Adolescent: By this time, children need to learn things in a different way. They need reasoning for everything. They need to be treated like adults and they need you to listen to what they have on their mind. It is also a stage when they learn and are influenced by a lot of different things from outside sources, like friends and television. Although it can be hard, sometimes you may need to let them do what they feel like in order to allow them to learn from their mistake.
It is common for parents to find that their teenager begins to shut them out and stop communicating with them at this stage. However, if from the very beginning you build an open atmosphere in your, your child is more likely to share things with you. And if they let you into their life, even just a little bit, then this stage of pre-adulthood may not be quite as much of a problem.
Building the Character of Your Child
The home and he family is the first place a child should learn and develop their personal values family. By setting a good example, and making it clear what you value, you can expect that your child will follow in your footsteps.
Commitment ï¿½ If you want your child to be truthful at all times but then ask her to tell a lie, the purpose of moral teaching may never be met. The more determined you are from your very core to guide your child into doing the right thing, the easier it will be for you to follow this path.
A role model ï¿½ If dad leaves his toilet seat open, son does the same. If mom does not say hello to neighbors, the daughter is unsocial too. Whatever you do, remember someone is constantly watching you. Words are usually not as effective to children as actions and when they see you doing a good thing, they will surely follow.
It is also this particular point that makes it so important for parents to teach children their morals. Children are not living with the pastor or teachers in school who tell them moral stories. They are living with you, and are observing you more than anyone else. Also, as they are emotionally more attached to you, what you do, whether it is right or wrong, is most probably what they will do when they grow older.
Share your stories and beliefs ï¿½ Every family has some great stories where grandpa or an uncle proved to be courageous or kind. Share these anecdotes with your children. Let them know more about the family and what it believes in. If there are some customs in your family, make sure the kids are a part of it.
Every once in a while, it is good to let your child know just your own values are. When you share these thoughts, it not only helps your child to understand better the beliefs he must inculcate, but also gives you an idea of what you want your child to learn.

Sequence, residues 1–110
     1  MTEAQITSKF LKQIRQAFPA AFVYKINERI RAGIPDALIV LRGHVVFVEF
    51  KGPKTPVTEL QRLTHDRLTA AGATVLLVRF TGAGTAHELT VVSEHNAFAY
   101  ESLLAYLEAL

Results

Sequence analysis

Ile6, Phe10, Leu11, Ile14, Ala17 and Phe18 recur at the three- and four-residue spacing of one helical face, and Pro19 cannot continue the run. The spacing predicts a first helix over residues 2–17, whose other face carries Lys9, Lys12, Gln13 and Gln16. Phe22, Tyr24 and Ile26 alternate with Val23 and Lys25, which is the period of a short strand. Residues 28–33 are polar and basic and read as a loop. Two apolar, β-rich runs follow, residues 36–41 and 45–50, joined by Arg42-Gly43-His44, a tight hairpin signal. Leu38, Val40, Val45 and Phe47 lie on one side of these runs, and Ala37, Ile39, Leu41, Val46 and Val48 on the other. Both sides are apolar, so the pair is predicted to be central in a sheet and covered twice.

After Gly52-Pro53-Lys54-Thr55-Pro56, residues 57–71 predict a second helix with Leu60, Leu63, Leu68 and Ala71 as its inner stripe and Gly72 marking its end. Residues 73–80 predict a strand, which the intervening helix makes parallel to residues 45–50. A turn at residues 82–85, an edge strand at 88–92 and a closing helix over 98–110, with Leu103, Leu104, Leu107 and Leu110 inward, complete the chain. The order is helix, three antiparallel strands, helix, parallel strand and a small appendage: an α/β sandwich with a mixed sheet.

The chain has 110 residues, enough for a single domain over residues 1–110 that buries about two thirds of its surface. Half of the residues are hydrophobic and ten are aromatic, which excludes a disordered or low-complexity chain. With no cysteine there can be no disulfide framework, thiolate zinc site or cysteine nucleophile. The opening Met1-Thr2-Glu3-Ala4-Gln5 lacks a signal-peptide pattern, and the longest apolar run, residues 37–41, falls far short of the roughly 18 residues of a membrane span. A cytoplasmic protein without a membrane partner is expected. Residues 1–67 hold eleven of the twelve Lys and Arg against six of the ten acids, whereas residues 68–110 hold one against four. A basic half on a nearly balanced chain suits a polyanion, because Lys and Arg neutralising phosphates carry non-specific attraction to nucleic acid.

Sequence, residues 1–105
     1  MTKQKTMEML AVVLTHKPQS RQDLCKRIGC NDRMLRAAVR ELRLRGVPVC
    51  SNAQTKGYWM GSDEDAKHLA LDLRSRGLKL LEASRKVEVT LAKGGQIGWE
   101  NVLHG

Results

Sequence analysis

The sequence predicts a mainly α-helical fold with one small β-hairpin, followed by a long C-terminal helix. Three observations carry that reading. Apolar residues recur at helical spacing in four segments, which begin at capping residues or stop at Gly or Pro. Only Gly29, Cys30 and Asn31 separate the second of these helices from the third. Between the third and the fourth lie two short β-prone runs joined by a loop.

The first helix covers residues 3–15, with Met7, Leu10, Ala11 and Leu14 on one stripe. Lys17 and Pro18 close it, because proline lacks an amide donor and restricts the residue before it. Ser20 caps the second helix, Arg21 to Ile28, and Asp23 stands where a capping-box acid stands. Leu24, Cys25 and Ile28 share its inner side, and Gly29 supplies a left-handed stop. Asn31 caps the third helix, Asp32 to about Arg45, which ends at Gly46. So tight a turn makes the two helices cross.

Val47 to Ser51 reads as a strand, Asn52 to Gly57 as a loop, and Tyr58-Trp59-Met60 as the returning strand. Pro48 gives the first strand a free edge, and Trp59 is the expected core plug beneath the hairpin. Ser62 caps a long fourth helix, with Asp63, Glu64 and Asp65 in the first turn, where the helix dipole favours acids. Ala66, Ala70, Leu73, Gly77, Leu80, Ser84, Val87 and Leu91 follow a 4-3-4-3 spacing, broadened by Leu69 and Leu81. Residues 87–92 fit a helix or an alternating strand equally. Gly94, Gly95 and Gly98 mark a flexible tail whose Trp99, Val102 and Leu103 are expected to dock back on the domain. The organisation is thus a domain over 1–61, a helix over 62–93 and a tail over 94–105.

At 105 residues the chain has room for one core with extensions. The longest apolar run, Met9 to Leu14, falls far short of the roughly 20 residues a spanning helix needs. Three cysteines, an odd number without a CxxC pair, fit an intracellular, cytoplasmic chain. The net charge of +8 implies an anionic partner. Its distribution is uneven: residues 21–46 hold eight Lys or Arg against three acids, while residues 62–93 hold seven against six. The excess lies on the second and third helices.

Donï¿½t miss learning moments ï¿½ You cannot plan out lessons of moral values on a day to day or a timetable basis. If your childï¿½s classmate is not well, that may be the right moment to teach her how to care for others, and be compassionate by visiting this friend and giving her the class notes. Your daughter will likely remember this incident better than you directly telling her to care for others.
Learning from mistakes ï¿½ There will always be times when your child does something wrong. While punishment may be part of your plan of action, it may also be a good idea to reflect on the deed after sometime. Ask you child to answer questions like "What was it that you did wrong?" "What else could you have done?" "If this happens again, what should you do?" This will help your child understand his mistake and discipline himself to do the right thing the next time.
Research has also shown that if you describe the effect on a person because of your childï¿½s conduct, like ï¿½see you made her cry,ï¿½ a child better relates to the situation as they can place themselves in that position.
Make moral behavior a habit ï¿½ Encourage your child to do a good deed everyday. This may be helping you in the kitchen, helping someone cross the street, or giving to the poor. When all these things become a part of the routine, your kids will automatically grow to become good citizens.
Set the standards ï¿½ Your child should know what is expected of him at home or outside. This helps him discipline himself to be well mannered and eventually follow these habits without your guidance.
The process of teaching your child morals and values of life may not seem that simple at first, but once she gets the understanding of it, it should be no surprise if later you are the one who is taught a lesson by your child!